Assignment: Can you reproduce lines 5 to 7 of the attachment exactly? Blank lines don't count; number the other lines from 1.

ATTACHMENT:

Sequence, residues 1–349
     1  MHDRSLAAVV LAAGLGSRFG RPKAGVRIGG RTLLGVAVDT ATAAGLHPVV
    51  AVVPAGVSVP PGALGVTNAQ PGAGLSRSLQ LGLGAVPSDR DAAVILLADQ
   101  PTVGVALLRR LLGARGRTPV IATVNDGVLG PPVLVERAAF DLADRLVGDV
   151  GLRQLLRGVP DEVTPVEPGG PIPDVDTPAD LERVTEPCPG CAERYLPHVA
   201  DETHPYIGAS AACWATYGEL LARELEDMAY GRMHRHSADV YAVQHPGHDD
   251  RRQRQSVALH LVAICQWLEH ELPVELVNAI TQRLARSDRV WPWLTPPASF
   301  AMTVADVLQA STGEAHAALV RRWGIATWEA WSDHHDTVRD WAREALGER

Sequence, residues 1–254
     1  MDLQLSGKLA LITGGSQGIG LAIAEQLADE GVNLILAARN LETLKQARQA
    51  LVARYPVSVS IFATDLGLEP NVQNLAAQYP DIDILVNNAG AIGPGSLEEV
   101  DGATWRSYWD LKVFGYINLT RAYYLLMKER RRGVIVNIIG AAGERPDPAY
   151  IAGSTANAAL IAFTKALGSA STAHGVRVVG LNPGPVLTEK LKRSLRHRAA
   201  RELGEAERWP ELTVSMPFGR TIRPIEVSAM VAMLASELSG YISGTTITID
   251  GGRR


   151  GLRQLLRGVP DEVTPVEPGG PIPDVDTPAD LERVTEPCPG CAERYLPHVA
   201  DETHPYIGAS AACWATYGEL LARELEDMAY GRMHRHSADV YAVQHPGHDD
   251  RRQRQSVALH LVAICQWLEH ELPVELVNAI TQRLARSDRV WPWLTPPASF